Alphabetically speaking, our choice of the 115th mechanical bank in the numerical classification is most certainly last, but assuredly not least. This is the Zoo Bank, and to the best of the writers knowledge, the only mechanical bank having a name beginning with the letter Z. As a matter of fact, until the first part of the year, only two letters in the alphabet, Q and X, were not represented by names in mechanical banks. Now only X remains since a Queen Victoria Bank turned up some months ago. This is a bust type bank made in England. When a coin is deposited in the crown atop her head the eyes blink. The bank was made in celebration of the Jubilee of 1887, the 50th reigning year of Queen Victoria. As to the letter X, there are some who may feel this is represented by the X-Ray Bank, and this could be accepted in this fashion, except for the fact that the full proper name appears on the bank itself as "The Smyth X-Ray Bank" (HOBBIES, April, 1961).
The Zoo Bank is one of the so called "little" mechanical banks, and some others in this category are the Afghanistan Bank, Girl In Victorian Chair, and Elephant And Three Clowns On Tub. The Zoo, like the Elephant And Three Clowns, is very nicely proportioned for so small a bank. Also it has excellent action considering its size which is 4¼" both in height and width, and 1½" in depth. Further, while other mechanical banks utilize various animals in their action, this bank has the distinction of being the only one to actually represent a Zoo house.
No dates or patent information appear on the Zoo Bank, nor does the writer have in his possession any old catalogs or other material that picture or describe the bank. So far the writer has also been unable to locate any patent papers that would possibly apply to the action or mechanism involved. Using the bank itself as a guidepost we can fairly accurately narrow the possible manufacturers down to two concerns. Wording appears inscribed on the back of the bank as follows: "Zoo Bank." Under this, "Press the Monkey," and below this the number "134." The same method of wording was used on the Uncle Remus Bank in the same fashion, along with the number "136." Using this along with other characteristics of the Zoo bank we can reasonably assume that either Kyser & Rex of Philadelphia, Pa., or the Mechanical Novelty Works of New Britain, Conn., made the bank.
Leon Perelman of Merion, Pa. is the collector who owns the pictured bank. It is a nice original specimen with good paint and the colors are as follows: The house and cupola are red and each has a gray roof highlighted with gold. The shutter-type door and the shutters on the two windows are green with gold outlining and striping. The bench and bucket in front of the house are done in gold as is the pulley-lift arrangement left top of the door. The small patch of ground around the base of the house is done in green with yellow and red highlighting. The face of the monkey which appears in the cupola is black and bronze, with small white eyes and black pupils. The face of the bear in the left window is black and silver with a red mouth and same type eyes as the monkey. The lion in the right window is tan with brown, a red mouth and black eyes.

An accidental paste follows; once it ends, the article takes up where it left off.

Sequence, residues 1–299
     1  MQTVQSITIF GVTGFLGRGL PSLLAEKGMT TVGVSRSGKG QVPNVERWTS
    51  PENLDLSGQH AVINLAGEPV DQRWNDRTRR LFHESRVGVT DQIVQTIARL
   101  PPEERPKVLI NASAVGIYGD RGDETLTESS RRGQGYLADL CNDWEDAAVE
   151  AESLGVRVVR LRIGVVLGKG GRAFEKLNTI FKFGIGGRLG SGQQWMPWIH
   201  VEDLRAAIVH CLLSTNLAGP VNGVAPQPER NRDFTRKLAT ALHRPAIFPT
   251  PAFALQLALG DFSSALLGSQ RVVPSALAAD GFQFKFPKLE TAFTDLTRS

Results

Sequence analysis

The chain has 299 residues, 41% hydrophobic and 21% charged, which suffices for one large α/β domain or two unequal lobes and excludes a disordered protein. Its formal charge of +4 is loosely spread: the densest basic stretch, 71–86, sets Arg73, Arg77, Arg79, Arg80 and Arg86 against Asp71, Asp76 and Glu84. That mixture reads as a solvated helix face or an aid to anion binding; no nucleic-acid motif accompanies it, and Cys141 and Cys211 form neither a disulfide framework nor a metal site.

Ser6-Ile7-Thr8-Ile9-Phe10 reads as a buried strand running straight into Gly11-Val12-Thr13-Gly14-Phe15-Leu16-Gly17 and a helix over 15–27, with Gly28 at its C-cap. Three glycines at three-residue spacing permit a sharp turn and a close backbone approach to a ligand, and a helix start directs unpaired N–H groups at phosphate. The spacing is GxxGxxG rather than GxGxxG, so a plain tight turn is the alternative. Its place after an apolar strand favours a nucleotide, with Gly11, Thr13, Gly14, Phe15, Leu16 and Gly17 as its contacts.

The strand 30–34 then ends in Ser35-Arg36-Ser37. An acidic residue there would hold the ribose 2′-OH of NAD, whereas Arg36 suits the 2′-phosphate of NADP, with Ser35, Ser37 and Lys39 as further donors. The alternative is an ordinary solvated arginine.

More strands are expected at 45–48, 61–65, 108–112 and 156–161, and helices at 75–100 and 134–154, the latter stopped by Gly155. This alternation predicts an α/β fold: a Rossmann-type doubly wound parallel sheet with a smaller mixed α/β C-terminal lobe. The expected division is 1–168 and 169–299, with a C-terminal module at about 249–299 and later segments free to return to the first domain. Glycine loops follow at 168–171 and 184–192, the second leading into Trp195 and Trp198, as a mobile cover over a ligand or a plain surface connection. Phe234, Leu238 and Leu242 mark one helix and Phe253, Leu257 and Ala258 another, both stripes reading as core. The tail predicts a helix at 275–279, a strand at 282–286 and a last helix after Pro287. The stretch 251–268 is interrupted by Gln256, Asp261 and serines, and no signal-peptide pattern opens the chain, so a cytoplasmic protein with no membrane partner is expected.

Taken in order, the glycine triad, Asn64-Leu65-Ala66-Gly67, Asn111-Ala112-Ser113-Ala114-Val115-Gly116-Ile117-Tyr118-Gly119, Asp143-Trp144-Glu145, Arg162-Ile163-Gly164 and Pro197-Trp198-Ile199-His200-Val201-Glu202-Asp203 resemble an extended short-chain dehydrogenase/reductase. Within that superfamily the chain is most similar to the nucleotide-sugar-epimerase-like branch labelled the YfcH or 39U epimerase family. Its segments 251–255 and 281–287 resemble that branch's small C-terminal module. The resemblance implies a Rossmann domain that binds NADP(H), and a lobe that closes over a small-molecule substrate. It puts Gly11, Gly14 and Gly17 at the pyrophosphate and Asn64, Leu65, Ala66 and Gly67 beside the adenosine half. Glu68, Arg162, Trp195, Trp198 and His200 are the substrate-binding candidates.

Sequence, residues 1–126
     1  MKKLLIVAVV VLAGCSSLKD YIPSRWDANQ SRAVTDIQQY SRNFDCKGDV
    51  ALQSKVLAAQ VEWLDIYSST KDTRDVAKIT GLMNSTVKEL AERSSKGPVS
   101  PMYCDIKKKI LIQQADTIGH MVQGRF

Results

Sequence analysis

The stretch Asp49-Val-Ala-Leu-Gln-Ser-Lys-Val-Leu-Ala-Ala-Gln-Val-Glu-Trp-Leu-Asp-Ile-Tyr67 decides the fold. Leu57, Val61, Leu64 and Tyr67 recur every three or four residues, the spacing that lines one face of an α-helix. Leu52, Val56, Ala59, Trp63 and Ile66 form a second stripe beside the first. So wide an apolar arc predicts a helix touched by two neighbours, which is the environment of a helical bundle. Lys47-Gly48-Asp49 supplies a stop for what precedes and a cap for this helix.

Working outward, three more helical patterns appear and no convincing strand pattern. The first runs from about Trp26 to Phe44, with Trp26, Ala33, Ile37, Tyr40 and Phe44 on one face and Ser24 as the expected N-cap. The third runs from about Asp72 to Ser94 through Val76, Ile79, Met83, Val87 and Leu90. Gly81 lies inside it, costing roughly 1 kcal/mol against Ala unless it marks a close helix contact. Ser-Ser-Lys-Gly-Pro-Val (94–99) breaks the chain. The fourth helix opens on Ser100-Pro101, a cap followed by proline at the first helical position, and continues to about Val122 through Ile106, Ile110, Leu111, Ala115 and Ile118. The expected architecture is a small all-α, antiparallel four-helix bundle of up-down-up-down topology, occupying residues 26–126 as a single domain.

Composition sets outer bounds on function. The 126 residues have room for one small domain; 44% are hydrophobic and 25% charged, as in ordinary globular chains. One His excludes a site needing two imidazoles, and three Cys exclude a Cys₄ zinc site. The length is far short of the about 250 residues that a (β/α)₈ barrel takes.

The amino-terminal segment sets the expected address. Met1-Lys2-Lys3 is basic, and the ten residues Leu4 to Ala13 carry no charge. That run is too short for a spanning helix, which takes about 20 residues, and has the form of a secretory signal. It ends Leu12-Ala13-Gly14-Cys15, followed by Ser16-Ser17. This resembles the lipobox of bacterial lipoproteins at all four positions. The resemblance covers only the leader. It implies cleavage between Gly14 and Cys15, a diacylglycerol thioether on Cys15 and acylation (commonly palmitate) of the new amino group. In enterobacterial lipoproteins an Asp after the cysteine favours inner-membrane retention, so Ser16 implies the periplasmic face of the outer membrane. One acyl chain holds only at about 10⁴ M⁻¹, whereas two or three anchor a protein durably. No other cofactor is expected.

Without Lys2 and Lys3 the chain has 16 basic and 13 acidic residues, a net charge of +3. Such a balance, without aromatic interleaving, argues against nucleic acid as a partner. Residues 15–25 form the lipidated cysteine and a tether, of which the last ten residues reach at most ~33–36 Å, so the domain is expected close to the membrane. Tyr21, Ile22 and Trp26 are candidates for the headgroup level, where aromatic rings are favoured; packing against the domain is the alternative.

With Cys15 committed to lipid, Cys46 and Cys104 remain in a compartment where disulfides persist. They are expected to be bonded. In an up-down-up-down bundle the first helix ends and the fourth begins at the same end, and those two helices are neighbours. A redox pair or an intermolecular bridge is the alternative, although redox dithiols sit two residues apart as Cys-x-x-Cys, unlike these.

The bank as pictured is shown after the action has taken place. To prepare the bank for operation, using the picture as a guide, one must first manually close each of the two shutters on the windows. This causes the faces of the bear and lion to recede into the bank. At the same time the face of the monkey moves forward into the window of the cupola. The shutters, due to a spring arrangement inside, snap into place and stay closed. To operate the bank a coin is placed in the provided slot in the roof of the cupola. This rests at a given point partly exposed, it does not fall into the bank. The face of the monkey is then pressed. This causes the lion and bear to move forward into their positions in the windows and the shutters fly open exposing their faces. At the same time the coin drops into the bank automatically. A small key-lock type coin trap is provided in the base for the removal of accumulated coins.
The Zoo Bank is a very nice little item, particularly difficult to find in complete original condition and in good original working order. It is a bank that is securely held together by means of peened over pins in the casting. Since it could not readily be taken apart apparently children were prone to try to pry it open, pull on the shutters, or try to pry the lion or bear out. The mechanism as compared to many of the more sturdy mechanical banks is rather delicate, small in size, and would tend to get out of order with any degree of rough treatment.